These are all things you’re likely to find in every article or presentation about Transylvania. But one topic which is not so commonly addressed is that of superstitions.
Spring superstitions in Transylvania are deeply entangled in the popular culture, history, and traditions in Romania. And we think they represent an exciting, different way to learn more about this part of the world.
So, keep on reading.
1. Tying a Trinket to a Tree Brings Wealth and Good Luck
Every year, On March 1st, Romanians celebrate Mărțișor, which marks the arrival of spring (we’ve covered this topic in-depth in a previous article). As part of the celebration, Romanians wear a trinket – which has a red and white string attached – on their clothes or around the neck.
One superstition says that tying the trinket to the branch of a strong tree which makes fruits will bring prosperity and good fortune to the person who tied it. Also, any wish made while tying the trinket to the tree will come true.
In the villages of Transylvania, some people will also tie the white and red string to doors, windows, as well as the horns of domestic animals. It’s believed that this will help keep evil at bay.
2. The Weather on a Day You Pick Predicts Your Future
In Romania, the arrival of spring is often associated with the famous myth of Old Dochia.
The details of the story vary from region to region, but the essence of it is pretty much the same.
According to the myth, old lady Dochia hurried to take her sheep up in the mountains at first sight of spring. When she started her journey, she had nine coats on. Each day, the weather got warmer. So, each day, she took one layer of clothing off.
On day 9, when she reached the top of the mountain, she only had a blouse on.
Legend says; a cold wind started to blow, proving that winter had yet not passed, and Baba Dochia and her sheep froze and turned to stone.
The rock formations ‘Babele’ from Bucegi Mountains (southern part of the Carpathians) are linked to this story as well.
The first nine days of March are considered to be Baba Dochia’s days. People choose a day between the 1st and 9th of March, and the weather that day is believed to dictate how the rest of the year will turn out.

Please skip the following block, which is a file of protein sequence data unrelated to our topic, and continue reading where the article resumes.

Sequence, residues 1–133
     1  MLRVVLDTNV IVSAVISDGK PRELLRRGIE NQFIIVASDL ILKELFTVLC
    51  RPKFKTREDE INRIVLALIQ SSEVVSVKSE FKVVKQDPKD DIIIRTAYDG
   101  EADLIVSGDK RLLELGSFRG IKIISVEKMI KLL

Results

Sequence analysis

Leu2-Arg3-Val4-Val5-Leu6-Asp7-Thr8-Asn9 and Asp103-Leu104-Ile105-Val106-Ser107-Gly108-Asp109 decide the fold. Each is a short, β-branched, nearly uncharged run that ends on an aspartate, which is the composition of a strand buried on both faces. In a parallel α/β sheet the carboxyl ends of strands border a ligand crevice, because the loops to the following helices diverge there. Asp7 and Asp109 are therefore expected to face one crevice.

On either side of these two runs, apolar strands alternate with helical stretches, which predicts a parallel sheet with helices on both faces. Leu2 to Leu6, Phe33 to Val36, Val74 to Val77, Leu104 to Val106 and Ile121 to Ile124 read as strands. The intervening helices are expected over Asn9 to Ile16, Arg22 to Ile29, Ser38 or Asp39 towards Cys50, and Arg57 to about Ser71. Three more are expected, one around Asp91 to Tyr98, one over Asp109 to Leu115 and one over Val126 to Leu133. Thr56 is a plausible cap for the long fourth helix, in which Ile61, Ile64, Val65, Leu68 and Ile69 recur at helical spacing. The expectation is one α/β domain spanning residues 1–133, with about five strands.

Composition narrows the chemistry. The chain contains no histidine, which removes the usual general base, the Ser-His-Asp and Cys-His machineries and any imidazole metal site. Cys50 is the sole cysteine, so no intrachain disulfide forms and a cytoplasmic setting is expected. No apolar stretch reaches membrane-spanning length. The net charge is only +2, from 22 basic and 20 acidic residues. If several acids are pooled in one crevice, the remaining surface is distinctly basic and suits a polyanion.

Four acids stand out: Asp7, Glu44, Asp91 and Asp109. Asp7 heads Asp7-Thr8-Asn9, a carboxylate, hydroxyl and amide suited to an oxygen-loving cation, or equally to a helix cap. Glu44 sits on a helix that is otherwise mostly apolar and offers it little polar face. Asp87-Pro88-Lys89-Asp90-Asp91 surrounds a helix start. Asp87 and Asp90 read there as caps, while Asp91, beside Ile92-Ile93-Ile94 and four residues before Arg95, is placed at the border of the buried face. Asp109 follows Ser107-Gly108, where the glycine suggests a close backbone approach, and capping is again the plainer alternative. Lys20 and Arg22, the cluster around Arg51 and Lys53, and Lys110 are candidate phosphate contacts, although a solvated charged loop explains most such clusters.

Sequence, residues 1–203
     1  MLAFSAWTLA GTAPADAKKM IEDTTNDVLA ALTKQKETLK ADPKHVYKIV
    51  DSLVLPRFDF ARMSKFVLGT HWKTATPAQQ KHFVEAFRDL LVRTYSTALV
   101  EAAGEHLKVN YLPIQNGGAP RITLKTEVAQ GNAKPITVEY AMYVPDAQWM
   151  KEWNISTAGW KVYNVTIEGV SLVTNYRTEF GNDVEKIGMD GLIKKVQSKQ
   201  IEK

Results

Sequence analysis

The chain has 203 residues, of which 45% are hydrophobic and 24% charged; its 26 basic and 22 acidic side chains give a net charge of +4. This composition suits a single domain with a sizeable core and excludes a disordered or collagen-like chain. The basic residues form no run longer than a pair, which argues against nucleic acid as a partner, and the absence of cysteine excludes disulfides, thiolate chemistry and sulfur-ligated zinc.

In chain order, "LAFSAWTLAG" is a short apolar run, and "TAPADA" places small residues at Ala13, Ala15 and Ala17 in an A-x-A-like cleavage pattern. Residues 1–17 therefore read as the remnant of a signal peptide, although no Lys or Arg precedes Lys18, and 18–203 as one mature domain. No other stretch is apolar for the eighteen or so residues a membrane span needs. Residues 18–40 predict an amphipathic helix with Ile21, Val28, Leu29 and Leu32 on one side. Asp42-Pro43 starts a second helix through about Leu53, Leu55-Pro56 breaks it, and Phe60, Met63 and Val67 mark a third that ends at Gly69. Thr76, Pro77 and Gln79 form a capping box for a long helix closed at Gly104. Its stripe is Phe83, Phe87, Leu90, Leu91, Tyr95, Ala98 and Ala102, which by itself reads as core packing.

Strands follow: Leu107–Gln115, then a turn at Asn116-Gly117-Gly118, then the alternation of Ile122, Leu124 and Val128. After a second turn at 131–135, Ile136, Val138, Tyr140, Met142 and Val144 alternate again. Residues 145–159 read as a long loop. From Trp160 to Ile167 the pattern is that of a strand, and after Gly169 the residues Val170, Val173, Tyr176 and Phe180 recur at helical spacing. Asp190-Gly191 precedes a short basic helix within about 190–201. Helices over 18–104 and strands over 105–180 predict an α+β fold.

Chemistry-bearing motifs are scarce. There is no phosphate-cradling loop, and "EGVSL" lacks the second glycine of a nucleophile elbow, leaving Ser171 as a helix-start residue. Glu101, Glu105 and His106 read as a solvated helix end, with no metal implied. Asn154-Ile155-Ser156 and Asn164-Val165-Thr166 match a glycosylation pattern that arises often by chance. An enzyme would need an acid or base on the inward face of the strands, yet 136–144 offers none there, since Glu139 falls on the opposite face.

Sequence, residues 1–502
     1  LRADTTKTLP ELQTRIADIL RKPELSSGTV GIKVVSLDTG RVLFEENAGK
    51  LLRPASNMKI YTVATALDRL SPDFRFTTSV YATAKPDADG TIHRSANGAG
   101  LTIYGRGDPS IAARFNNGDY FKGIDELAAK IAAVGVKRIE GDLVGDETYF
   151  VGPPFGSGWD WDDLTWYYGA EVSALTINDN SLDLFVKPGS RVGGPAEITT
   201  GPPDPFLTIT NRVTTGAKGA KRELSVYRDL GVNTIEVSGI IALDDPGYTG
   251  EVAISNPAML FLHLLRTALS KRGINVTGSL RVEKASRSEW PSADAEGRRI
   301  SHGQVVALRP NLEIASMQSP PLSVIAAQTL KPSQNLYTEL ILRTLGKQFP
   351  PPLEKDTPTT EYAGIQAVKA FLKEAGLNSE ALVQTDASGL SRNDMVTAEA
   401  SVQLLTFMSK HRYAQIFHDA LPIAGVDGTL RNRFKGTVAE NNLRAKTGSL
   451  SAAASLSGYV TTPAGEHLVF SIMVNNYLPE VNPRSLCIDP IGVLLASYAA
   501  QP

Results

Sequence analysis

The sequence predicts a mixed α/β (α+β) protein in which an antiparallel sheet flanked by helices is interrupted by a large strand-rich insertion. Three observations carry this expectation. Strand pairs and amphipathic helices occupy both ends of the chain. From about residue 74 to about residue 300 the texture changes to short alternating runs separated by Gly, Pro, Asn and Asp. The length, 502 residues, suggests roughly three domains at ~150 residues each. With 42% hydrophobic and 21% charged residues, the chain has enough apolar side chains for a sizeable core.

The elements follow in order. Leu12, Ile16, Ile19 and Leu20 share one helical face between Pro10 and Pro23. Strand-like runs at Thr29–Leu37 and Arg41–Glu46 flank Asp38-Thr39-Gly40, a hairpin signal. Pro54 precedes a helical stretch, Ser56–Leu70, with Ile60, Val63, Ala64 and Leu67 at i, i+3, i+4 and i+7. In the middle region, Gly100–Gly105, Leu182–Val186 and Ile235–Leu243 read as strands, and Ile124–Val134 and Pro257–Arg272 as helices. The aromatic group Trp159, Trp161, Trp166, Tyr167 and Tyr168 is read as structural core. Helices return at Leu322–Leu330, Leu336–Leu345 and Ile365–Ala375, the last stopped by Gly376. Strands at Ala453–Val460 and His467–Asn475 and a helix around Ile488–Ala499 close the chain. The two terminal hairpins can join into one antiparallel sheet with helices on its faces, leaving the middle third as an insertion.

If the weather is nice, warm, and sunny that day, the rest of the year will be full of accomplishments and joy. If the day is rainy, cloudy, or snowy, then you’ll be grumpy and grouchy on most days of the year.
3. Listening to a Cuckoo Sing Brings Prosperity
This is yet another one of the spring superstitions in Transylvania which have managed to endure the test of time.
Cuckoo’s Day – best known as Annunciation Day (Buna Vestire) – is celebrated on March 25th every year. The day marks the visit of the angel Gabriel to the Virgin Mary to let her know her that she would give birth to Jesus Christ.
One of the superstitions says that people who argue on this day will get into trouble all year long. On the flip side, those who have the fortune to hear a cuckoo sing will be prosperous and joyful.
Another superstition is that counting how many times the bird sings lets you know how many years you’ll live.
4. Farmers Who Work the Land on May 21st Will Lose Their Crops
Orthodox Christians celebrate Saints Constantine and Helene every year on May 21st. It is an important event, as the two emperors are widely-regarded as protectors of the Christians.
A few superstitions linked to this day are:
- Farmworkers who don’t rest are likely to have their crops damaged by birds;
- Corn, oats, or millet which were planted past this day will dry out;
- Vine growers think that if they work in their vineyards on May 21st, starlings will eat the harvest.
Discover More Spring Superstitions in Transylvania
If you enjoyed learning about these spring superstitions in Transylvania, just think about how much fun you’ll have if you come here and get a chance to experience them in person.
In case we’ve opened up your appetite for traveling, go ahead and check out our 2-days Transylvania Tour.